And when you look at the Republicans' plan, it was a good plan. It made sense. It was like Biden is really unpopular and inflation is out of control. Let's run on that. Then the abortion ruling came down, Roe v. Wade got overturned. And now Donald Trump is dominating the news again, and what do women voters on balance disproportionately care about? Protecting their reproductive rights and they have a much higher sentiment against the former President, and so this is just not the position the Republicans wanted to be in.
COOPER: David, I mean, you were obviously Senior Adviser to President Obama during the 2010 midterms. What lessons did you take away from that experience? I mean, is there anything you would have done differently if you had to do it over?
AXELROD: You know, sometimes there is very little that you can do. I mean, we were the classic case, Anderson, of an incumbent party bearing the brunt of a referendum. You try and make the other party part of the equation, but it is hard to do. And that's why incumbent parties almost always lose seats in a midterm election, only twice since World War Two has the party in power gained seats.
And remember, we're talking about a 50/50 Senate and an almost 50/50 House right now. So Republicans don't have to do very much here.
So, you know, we tried and we tried to draw a contrast, but we didn't -- we weren't able to, but we didn't have Donald Trump, you know, which makes it a little bit easier to draw a contrast as did the Supreme Court decision on Dobbs.
One thing I wanted to mention, Donald Trump is strutting now because he's dominating these Republican primaries, the most recent, you know, high profile was Liz Cheney's loss in Wyoming, but what's going to happen in the General is that Republicans aren't going to start toting up these races where he burdened them with candidates who are loyal to him, who are election deniers, but wound up being bad candidates in swing states and districts.
And that's the number a lot of Republicans are going to be looking at after the election, as they assess the cost of the problem with Donald Trump for them as they can't live with him and they can't live without him. And, you know, that's something they're going to have to resolve.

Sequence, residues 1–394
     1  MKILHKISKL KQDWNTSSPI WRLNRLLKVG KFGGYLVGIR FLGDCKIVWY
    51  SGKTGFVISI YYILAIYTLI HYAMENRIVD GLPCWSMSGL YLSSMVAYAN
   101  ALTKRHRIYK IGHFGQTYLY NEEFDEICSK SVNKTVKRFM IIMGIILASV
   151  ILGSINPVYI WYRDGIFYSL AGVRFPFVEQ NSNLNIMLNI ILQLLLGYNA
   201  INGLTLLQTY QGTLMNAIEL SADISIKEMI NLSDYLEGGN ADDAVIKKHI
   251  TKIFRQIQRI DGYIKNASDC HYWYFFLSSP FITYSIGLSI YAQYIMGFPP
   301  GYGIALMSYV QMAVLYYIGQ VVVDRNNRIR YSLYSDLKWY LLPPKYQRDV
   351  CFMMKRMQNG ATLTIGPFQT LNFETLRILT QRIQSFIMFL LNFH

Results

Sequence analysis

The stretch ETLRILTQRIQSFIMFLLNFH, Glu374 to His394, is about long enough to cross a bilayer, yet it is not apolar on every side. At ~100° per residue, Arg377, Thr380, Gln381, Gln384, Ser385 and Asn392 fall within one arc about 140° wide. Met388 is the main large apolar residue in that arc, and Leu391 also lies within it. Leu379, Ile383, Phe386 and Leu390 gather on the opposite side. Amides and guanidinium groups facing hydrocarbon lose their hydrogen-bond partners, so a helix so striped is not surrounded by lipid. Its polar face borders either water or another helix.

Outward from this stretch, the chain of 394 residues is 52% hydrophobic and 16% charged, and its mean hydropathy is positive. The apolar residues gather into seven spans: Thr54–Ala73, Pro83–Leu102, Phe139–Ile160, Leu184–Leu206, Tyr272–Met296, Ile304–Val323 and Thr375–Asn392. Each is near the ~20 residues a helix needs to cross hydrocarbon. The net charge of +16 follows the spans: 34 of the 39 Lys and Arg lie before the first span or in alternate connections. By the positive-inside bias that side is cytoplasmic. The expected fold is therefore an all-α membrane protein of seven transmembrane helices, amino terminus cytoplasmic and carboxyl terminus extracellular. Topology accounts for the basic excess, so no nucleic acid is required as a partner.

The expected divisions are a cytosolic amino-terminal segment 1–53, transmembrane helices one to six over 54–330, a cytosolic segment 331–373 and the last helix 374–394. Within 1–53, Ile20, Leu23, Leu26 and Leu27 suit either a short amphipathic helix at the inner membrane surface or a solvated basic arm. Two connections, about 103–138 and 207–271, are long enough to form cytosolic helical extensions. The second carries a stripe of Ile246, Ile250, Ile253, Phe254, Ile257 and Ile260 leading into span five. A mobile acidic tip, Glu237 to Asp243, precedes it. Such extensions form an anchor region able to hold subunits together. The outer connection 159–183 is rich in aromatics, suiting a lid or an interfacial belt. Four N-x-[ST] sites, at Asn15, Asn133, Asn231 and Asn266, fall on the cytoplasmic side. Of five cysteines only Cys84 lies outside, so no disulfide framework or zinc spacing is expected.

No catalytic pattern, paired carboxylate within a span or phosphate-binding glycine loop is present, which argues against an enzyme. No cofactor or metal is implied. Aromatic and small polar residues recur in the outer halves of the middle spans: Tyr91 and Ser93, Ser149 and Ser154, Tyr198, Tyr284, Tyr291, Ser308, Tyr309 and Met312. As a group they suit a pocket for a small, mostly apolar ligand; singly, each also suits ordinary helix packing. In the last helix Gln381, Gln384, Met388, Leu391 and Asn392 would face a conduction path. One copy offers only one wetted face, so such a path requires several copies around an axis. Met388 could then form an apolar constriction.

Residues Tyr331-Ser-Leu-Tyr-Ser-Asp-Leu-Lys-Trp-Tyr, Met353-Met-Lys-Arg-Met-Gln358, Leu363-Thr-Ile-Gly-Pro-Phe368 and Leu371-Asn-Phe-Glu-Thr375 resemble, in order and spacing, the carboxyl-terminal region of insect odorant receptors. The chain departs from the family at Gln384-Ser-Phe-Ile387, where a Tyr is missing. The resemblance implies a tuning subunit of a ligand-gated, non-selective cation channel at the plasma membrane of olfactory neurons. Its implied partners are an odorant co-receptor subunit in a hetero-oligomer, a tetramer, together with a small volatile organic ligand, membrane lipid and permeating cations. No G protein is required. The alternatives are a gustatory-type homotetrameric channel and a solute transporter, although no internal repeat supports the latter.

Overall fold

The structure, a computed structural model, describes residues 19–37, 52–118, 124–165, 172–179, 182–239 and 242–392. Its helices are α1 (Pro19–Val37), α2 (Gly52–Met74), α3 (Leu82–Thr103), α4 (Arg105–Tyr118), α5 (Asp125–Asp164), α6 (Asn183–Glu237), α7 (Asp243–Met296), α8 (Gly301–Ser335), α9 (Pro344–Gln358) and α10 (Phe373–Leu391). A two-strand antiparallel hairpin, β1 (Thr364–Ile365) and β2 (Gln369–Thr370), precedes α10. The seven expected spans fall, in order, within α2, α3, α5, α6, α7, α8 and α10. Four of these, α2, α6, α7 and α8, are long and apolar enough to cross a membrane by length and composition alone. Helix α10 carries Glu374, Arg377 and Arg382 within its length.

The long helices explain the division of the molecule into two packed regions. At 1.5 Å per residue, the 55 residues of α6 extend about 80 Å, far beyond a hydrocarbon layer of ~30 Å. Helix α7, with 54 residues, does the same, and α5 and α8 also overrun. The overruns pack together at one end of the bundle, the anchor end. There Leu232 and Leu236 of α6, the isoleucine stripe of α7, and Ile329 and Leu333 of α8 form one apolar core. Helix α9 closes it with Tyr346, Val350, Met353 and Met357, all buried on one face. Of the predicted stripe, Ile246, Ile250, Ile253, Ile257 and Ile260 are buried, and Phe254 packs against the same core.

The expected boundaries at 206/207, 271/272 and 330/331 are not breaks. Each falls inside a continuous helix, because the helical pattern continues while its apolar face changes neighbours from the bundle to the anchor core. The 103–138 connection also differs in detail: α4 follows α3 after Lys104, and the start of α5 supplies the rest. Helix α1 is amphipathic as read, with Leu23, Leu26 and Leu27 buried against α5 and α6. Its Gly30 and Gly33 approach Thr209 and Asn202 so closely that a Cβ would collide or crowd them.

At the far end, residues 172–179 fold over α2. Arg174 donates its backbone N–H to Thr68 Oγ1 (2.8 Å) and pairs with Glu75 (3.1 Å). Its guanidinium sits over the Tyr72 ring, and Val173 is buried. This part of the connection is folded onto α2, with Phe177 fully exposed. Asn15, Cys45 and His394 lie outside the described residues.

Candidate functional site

COOPER: Yes, they can't quit him. Margaret, to that point, Senate Minority Leader Mitch McConnell raised some eyebrows back on Thursday, he said this at a Northern Kentucky Chamber of Commerce luncheon. I just want to play that.
(BEGIN VIDEO CLIP)
REP. MITCH MCCONNELL (R-KY): I think there's probably a greater likelihood the house flips than the Senate. Candidate quality has a lot to do with the outcome. Right now we have a 50/50 Senate and a 50/50 country. But I think when all of a sudden done this fall, we're likely to have a extremely close Senate.
(END VIDEO CLIP)
COOPER: And do you see that as some sort of criticism of the Senate candidates that are have been endorsed by the former president?
MARGARET TALEV, CNN POLITICAL ANALYST: Well, he definitely feels that and it's also criticism of the former president. You said the Republicans can't quit Donald Trump, like Mitch McConnell was trying to quit Donald Trump so hard and has been since December of 2020. But look --
COOPER: Seems like he quit it, he just can't say that he quote him.
TALEV: Yes. Well, even if he said it, it wouldn't matter. Because the nominees in many of the -- in many of these races that we're talking about are the nominees because of Donald Trump, not because of Mitch McConnell. And McConnell, kind of like, you can sort of lose or really lose, right? I mean, if these nominees sweep to victory anyhow, and he becomes the majority leader, the President that he will be the majority leader, if these Republicans who were Trump Republicans allow him to be and he will be, you know, at the best, I think he's looking to lukewarm support from a lot of them. And then if he loses, it will be because of candidates probably that he would not have chosen as his top choice.
TALEV: Like I try to try to parse what he said about some great strategy. I think in this case, there's not a lot of Guile there. He's saying what's true. The Senate was always going to be harder to win. Then it was looking easier and now it's looking harder again.
COOPER: Yes. Margaret Talev, David Axelrod, appreciate it. Thank you. Have a good weekend.
Coming up next, CNN's Gary Tuchman talks to migrants getting free bus rides from Texas to Washington D.C. and New York. It's a controversial policy as you know, by the Texas governor. Politicians have had their say. Gary let's the people who are in the middle of this have theirs.